Love, Sex and the I.R.S. proves that tax season can be downright comical!
A reason why it’s best not to ever lie is that then several others must be told to maintain the first one. It begins a long line of deception in which each lie can become bigger than the last. A perfect example of that lesson is the whole basis of Love, Sex, and the I.R.S which is at La Comedia through February 28. The non-musical play shows how one little lie can lead to a series of unfortunate, yet hilarious consequences, including a man needing to pose as a woman in tight fitting dresses. It’s no lie, the absolute truth is that Love, Sex, and the I.R.S is a non-stop laugh riot.
It seemed safe to Joe Trachman (Josiah Miller) to save some money by claiming his best friend/roommate (whose male) Leslie Arthur (Elliot Handkins) as his wife. With a name like Leslie, why not? The plan worked until an I.R.S agent visits in order to verify the information. Total chaos then ensues as Leslie then must act as the wife, and a series of unsuspecting guests come over at the worst possible times. With each visitor the web of lies become more convoluted and leaves the audience caught in uncontrollable fits of laughter.
To say that Handkins makes the perfect woman would be stretching the truth, except to maybe the blind, as she wouldn’t win any beauty contests. However, if judged on laughs, he achieved supermodel status for a man pretending to be a woman. Not even Bruce Jenner could have done it better. The entire cast excels at their parts, including Miller who makes the perfect ‘straight’ man amongst all the craziness.
A crowd favorite is I.R.S agent, Floyd Spinner played by Woody Allen err director/actor Chris Beiser. Beiser serves as the director of the majority of productions at La Comedia, including Love, Sex, and the I.R.S and his theatrical expertise is displayed whenever he fills a role. Beiser delivers many big laughs as the nerdish, straight laced agent who lets his guard (and pants) down after a few drinks. The hip swiveling Mr. Spinner displays both physical and verbal humor while taxing your funny bone.
All the activity and false impressions in Love, Sex, and the I.R.S is reminiscent of the old sitcom Three’s Company and the plot would certainly have been used for an episode if Jack had a male roommate rather than females. There is even an obtrusively suspicious landlord who is seeking proof that a woman is living in the apartment, which would break the rental agreement. The landlord is played by Alan Kootsher, who interestingly appeared on the La Comedia stage in the seventies and is making his return in this role.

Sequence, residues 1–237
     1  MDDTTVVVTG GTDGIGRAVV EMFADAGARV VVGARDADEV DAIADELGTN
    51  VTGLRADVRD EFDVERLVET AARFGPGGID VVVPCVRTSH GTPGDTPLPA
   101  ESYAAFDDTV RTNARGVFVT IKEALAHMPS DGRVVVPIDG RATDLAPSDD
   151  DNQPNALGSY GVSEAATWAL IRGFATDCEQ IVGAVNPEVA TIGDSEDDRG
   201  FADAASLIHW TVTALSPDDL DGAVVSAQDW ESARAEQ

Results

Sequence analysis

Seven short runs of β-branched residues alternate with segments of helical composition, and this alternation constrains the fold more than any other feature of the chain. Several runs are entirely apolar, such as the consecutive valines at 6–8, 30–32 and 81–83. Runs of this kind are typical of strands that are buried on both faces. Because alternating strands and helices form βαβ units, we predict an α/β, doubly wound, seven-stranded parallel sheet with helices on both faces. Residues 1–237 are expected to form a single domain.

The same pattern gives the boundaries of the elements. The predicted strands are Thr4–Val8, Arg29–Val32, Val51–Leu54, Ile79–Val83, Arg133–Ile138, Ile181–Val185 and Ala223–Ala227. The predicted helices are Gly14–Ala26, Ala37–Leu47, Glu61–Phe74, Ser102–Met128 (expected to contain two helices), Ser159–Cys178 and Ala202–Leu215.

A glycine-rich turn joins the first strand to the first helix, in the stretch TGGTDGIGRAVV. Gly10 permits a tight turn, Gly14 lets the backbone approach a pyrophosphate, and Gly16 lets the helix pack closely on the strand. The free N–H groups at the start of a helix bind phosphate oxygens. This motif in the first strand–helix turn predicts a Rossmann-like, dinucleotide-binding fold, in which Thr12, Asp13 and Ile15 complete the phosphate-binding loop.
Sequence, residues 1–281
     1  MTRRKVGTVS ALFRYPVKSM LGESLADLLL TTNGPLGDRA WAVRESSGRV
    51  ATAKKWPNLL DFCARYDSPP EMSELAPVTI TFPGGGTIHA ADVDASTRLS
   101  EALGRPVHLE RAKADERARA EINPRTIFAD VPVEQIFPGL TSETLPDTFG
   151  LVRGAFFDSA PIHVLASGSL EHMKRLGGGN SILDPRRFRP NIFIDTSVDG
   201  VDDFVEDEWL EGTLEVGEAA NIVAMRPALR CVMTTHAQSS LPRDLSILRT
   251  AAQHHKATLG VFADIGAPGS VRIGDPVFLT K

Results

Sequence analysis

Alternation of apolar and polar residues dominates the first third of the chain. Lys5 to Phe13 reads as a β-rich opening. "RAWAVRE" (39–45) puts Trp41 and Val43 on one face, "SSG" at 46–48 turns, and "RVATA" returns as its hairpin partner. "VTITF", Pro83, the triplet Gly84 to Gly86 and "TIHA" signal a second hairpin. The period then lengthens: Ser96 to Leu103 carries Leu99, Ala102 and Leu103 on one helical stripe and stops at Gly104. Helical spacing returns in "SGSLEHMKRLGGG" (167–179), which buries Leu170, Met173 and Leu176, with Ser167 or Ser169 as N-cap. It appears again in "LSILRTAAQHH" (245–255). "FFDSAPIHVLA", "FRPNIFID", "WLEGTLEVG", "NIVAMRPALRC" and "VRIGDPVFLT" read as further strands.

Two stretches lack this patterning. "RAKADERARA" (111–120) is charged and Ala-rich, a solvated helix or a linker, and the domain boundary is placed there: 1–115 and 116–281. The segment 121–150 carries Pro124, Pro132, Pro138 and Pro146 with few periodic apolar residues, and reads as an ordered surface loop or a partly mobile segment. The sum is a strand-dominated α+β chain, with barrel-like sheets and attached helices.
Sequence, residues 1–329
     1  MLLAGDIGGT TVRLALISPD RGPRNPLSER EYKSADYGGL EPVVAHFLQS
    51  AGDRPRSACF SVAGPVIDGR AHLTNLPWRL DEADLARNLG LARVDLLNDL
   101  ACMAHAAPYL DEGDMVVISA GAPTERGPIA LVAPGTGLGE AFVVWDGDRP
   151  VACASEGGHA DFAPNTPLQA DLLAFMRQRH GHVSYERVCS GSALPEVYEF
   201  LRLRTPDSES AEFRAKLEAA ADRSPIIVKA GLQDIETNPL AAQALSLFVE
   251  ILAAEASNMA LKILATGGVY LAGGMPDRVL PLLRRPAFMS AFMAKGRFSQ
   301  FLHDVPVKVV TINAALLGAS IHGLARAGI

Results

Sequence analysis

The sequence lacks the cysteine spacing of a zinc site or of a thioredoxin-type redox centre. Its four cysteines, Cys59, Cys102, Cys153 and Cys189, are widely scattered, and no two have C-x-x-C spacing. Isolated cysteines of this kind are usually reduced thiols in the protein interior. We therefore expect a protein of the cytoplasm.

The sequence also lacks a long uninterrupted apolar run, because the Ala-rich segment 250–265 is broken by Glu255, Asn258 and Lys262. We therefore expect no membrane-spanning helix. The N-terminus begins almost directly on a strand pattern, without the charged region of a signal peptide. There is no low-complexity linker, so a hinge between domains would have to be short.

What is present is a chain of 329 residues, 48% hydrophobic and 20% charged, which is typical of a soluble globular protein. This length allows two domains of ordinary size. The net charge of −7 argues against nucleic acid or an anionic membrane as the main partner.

I don’t want to be like a movie preview and spoil all the funny parts so I’ll keep some of the plot details to myself. Half the fun is wondering who it’s going to be next when the doorbell rings. Take my word for it, relationships are strained and multiple love triangles get formed. The additional major players in all the madness include Kate Dennis (Rosa Gardner), who convincingly portrays a darling that every man finds irresistible. Vivian Trachman (Holly Hathaway), a mother who needs alcohol to deal with the discoveries made about her son. It’s the second consecutive show in which Hathaway has been brilliant. The arrival of Connie (Jacqueline Fenton) is highly anticipated and does disappoint once it occurs.
In addition to the always delicious buffet, new for 2016, La Comedia also offers shrimp cocktail available for purchase as an appetizer, as well as additional dessert options to enjoy during intermission. They all look delicious, and for the sake of my readers, I’ll try one sometime soon so I can share my thoughts on it. The drink menu is also updated and features a variety of new offerings.
While death and taxes are known to be the two guarantees in life, a third guarantee is that Love, Sex, and the I.R.S will nearly kill you with laughter. Love, Sex, and the I.R.S continues through Feb. 28.
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